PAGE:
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137 Films is a non-profit, 501(c)(3) documentary production company based in Chicago that promotes science through storytelling. We create films out of the stories found in the world of science to entertain, educate, and inform by exploring how science's search for answers impacts our cultural, political, and personal lives.

our staff

clayton brown

monica ross

amy ellison

mia capodilupo

stephen poon

olivia curry

executive director

artistic director

director of development

director of operations

assistant editor

social media coordinator

our board

philip cable

Carolyn blessing

andy swindler


peter doetschman






our advisory board

richard cahan

Dr. John Conway

dr. robin erbacher

Congressman Bill Foster

Dr. Michael Lubell

rich moskal

dr. alan schriesheim

Author, Publisher, Former Program Officer Driehaus Foundation

experimental physicist, UC Davis, Fermilab/CERN

experimental physicist, UC Davis, Fermilab/CERN

11th District of Illinois

Director Public Affairs, American Physical Society

Director, chicago film office

Chairman emeritus, argonne national laboratory

137 Films and our films are supported, in part, by grants from the following organizations:

And by over 250 individual donors.  You can join them!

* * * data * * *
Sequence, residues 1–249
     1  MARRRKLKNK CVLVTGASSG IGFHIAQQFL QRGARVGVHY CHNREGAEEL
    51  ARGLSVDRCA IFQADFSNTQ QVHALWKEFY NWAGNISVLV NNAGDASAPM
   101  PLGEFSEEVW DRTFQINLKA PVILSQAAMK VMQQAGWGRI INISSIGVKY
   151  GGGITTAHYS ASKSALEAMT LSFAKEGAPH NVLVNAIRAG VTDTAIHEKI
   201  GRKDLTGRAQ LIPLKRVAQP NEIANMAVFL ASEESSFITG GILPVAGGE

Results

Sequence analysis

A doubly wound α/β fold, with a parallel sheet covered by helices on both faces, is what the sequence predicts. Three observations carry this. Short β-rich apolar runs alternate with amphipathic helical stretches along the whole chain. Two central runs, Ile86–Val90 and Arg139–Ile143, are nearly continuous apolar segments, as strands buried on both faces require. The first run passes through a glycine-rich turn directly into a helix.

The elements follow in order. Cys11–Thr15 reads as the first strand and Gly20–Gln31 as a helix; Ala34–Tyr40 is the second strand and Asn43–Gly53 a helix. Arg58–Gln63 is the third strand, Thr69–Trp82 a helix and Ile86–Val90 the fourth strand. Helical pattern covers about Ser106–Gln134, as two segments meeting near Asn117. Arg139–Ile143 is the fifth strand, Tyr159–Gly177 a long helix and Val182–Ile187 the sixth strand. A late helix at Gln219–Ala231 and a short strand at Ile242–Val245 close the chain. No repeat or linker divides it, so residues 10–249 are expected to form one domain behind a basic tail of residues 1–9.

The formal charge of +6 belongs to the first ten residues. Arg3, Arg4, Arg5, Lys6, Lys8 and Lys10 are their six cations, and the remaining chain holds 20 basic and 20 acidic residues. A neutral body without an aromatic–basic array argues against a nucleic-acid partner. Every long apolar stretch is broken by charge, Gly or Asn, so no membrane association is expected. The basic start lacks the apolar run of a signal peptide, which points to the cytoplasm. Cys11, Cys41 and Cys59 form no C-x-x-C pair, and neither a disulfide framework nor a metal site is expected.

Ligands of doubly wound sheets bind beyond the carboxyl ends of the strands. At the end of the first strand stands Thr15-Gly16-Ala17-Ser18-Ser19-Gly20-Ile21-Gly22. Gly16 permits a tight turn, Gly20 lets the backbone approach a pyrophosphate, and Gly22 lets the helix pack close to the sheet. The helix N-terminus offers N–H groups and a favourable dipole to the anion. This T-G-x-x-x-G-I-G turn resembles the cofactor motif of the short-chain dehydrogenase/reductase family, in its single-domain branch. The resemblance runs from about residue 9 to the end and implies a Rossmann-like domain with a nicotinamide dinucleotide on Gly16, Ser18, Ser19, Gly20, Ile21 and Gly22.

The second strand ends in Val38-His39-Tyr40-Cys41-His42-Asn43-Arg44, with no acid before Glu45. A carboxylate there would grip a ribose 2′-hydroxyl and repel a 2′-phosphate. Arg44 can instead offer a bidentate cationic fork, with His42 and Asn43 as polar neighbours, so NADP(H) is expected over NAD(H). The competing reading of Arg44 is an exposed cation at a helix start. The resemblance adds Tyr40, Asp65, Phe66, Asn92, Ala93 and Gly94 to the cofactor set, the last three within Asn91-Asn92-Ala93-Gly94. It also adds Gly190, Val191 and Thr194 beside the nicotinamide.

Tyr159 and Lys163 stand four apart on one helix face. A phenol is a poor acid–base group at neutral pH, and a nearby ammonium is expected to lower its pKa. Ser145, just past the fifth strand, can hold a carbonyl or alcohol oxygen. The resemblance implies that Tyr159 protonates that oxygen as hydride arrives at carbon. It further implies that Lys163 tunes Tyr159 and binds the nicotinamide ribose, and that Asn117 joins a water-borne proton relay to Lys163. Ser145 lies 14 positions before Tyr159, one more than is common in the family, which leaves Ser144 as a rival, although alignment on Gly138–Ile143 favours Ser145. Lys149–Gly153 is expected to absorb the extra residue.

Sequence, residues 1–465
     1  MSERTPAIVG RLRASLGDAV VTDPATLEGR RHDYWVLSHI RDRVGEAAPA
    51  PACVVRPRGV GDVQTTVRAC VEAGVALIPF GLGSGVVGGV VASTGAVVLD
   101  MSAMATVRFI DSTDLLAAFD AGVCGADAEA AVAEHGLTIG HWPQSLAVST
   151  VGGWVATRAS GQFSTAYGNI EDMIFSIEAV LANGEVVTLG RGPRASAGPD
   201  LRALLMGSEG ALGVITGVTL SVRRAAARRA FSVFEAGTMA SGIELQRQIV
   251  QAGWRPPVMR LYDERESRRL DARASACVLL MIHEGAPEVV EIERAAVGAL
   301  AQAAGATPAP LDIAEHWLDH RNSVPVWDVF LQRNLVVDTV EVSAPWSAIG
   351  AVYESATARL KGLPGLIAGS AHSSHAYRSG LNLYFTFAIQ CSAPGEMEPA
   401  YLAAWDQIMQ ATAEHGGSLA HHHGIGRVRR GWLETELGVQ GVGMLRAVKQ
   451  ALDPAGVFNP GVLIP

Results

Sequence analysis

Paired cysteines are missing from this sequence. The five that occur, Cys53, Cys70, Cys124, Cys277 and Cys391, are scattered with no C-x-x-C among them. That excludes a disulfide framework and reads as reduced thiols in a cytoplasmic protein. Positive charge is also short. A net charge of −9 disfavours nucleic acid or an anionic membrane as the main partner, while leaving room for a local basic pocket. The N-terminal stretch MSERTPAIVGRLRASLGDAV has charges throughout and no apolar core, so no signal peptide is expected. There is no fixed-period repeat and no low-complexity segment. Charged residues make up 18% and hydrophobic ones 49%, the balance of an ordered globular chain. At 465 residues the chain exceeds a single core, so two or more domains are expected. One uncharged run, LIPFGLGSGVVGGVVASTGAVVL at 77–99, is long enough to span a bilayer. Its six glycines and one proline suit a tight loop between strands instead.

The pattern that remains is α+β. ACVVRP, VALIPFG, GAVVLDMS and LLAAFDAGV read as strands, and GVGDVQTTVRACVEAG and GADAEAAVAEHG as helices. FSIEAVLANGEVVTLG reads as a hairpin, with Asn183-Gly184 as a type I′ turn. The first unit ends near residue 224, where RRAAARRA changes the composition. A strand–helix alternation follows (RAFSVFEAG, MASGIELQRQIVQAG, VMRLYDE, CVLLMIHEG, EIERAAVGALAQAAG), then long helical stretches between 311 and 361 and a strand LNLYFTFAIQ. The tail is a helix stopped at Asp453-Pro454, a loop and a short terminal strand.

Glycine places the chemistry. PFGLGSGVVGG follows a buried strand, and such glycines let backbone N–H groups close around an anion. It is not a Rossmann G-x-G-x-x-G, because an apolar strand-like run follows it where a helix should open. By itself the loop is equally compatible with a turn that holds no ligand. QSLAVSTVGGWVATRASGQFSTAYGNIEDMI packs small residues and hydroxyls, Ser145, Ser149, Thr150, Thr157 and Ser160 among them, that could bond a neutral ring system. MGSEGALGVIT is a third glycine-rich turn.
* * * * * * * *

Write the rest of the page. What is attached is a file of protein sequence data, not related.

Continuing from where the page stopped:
Web hosting and support provided by

why 137 films?

One hundred thirty-seven is a magical and bizarre number for physicists.  It is the value of a number called the fine-structure constant. This constant, 137 (or actually, 1/137), is the way physicists describe the probability that an electron will emit or absorb a photon: it's the square of the charge of the electron divided by the speed of light times Planck’s constant. It combines electromagnetism (the electron charge), relativity (the speed of light), and quantum mechanics (Planck’s constant), and, strangely enough, is a pure, dimensionless number.  It has fascinated physicists for decades.


Throughout the Thirties and Forties, the greatest scientists of the day tried and failed to figure out the magic number 137. The great Werner Heisenberg told his friends that the problems of quantum theory would disappear only when 137 was explained, and spent years trying to explain it; fortunately, the problems did go away despite his failure.


Richard Feynman, one of the greatest physicists of this century said that physicists ought to put a special sign in their offices to remind themselves of how much they don't know. The message on the sign would be very simple. It would consist entirely of one word, or, rather, number: 137.


Dr. Leon Lederman, Nobel Laureate, in his book The God Particle said "I tell my undergraduate students that if they are ever in trouble in a major city anywhere in the world they should write '137' on a sign and hold it up on a busy street corner.  Eventually a physicist will see that they're distressed and come to their assistance."


During an interview for The Atom Smashers, John Marburger, President Bush's science adviser (himself a physicist), asked if we had ever stood on a street corner and tried it.  Monica said "we named our company after it, held it up, and physicists have been coming to our assistance ever since."


(thanks to Charles C. Mann for information about 137)